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Impact of Recycling, Part 1

How You Recycle Matters

Why do you recycle? At some point, we have to talk about impact. Because not all recycling is created equal. How you recycle stuff matters. In some cases it matters as much if not more than whether you recycle at all. For many materials, if you look at the life cycle benefits of recycling, most of recycling’s benefits come not from avoided landfilling but from displacing “virgin” natural resources in the manufacturing process.

Lets Start with a Case of Paper Recycling

If you are a government office, college or university, or a commercial office building, much, if not most of the paper that you generate is high-grade printing and writing paper. What is the impact of your paper recycling program? Using the data from a recycled fiber fact sheet from the Green Press Initiative, let’s look at the impact of not just whether you recycle that paper but how you recycle that paper.

If you recycle in a way that keeps that high-grade paper separate and uses it to make new recycled-content printing and writing paper, you are displacing a net of about 3 tons of virgin wood for every ton of new recycled paper that you make. However, if you recycle that paper in a way that downgrades it so you are only making a low-grade paper product, you are only displacing a net of about 1 ton of virgin wood for every ton of recycled paper that you make. Thus, from this forest-resource utilization standpoint, the decision to keep your high-grade paper separated in a way that recycles it back into high-grade printing and writing paper (as opposed to just recycling it into low-grade products) is more than twice as impactful as the decision to keep it out of the trash to make low-grade paper products.

Given that, I wonder how so many sustainability metrics and recycling legislative requirements can justify counting every ton of paper recycling equally. When you look at your recycling program, are you measuring impact or just quantity? Let’s say you had a way to collect 20% more paper but to do so meant that you could no longer turn that paper back into high-grade paper products, it could now only be made into low-grade paper products. Should you be celebrating the 20% more tons that you collect or should you be critically looking at the fact that your paper recycling program now only has 60% of the impact that it used to have?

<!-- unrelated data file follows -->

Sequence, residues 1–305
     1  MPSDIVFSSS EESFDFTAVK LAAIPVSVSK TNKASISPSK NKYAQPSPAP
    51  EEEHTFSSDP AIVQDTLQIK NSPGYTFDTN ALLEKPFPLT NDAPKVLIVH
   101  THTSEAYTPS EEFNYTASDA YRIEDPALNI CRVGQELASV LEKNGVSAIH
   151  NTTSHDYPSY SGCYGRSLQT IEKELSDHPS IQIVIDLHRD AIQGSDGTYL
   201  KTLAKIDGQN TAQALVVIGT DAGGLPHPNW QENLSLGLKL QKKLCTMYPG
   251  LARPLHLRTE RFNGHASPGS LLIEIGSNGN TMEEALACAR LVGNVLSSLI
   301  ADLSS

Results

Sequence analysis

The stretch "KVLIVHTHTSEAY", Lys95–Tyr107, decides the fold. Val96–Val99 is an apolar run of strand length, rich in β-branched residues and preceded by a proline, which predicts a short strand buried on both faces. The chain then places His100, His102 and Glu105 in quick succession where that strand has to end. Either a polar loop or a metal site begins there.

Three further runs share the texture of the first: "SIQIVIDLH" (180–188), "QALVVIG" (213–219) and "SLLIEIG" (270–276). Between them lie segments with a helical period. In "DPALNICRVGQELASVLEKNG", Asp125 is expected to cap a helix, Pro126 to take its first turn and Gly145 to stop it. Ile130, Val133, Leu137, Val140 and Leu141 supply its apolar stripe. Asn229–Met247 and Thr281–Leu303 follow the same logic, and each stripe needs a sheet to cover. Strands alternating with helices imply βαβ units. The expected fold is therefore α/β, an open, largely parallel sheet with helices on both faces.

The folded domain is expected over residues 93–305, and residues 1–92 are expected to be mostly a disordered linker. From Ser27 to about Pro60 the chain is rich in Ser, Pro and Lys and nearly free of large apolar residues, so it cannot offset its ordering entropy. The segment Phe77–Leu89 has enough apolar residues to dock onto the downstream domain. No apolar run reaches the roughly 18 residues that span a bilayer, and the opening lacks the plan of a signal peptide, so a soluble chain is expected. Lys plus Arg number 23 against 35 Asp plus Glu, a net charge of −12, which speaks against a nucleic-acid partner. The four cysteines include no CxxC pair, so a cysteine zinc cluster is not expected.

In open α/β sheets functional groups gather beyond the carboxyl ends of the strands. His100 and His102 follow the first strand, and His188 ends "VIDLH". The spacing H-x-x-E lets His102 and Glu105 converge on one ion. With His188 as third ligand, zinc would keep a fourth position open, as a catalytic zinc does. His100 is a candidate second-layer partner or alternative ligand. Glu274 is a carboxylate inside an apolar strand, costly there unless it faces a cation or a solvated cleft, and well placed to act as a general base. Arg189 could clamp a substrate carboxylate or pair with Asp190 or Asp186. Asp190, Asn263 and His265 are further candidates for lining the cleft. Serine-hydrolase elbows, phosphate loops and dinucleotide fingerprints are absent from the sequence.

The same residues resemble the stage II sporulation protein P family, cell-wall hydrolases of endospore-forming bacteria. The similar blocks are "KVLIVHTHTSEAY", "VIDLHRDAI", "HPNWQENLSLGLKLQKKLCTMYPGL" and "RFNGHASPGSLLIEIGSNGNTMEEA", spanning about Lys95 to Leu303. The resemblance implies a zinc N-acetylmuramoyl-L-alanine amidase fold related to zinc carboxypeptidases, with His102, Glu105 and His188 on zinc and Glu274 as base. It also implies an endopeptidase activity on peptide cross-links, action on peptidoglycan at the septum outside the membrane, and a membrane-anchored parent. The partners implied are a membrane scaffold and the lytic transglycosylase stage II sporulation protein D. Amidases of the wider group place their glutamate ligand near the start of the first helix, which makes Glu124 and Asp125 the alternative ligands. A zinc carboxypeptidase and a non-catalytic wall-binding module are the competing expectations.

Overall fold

Recycling Glass Back to Glass Bottles

The same is true of recycling glass bottles. It takes less energy to melt glass cullet back into liquid glass to mold into new products than it takes to melt sand, soda ash, limestone and the other ingredients that make virgin glass into liquid glass. When you look at the energy impacts and greenhouse gas impacts of using recycled glass to make new glass bottles, that energy savings can be significant.

When you recycle glass back into new glass bottles, you realize those benefits. Because you do not have to heat the furnaces so hot, you avoid a ton of greenhouse gas emissions for every 6 tons of glass you recycle.

However, a lot of the end markets for glass do not realize those energy savings or those benefits. Once glass bottles are smashed into small enough pieces that they can no longer be color-separated, your primary markets for glass are civil engineering applications like alternate daily cover at a landfill or drainage ditch fill. And while all those uses are beneficial in terms of not wasting the valuable space in the cell of a landfill with inert glass, they do not have the energy savings impacts of glass-back-into-glass recycling. If you implemented your recycling program as part of your broader sustainability program, why are you recycling? Is it to collect materials in a way that doesn’t take advantage of their energy saving benefits? Are you really climate-neutral and zero-waste if you are passing on the energy savings of glass recycling to make daily landfill cover?

Why do you recycle? When it comes to recycling, what is your impact?

Written by

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Roger Guzowski

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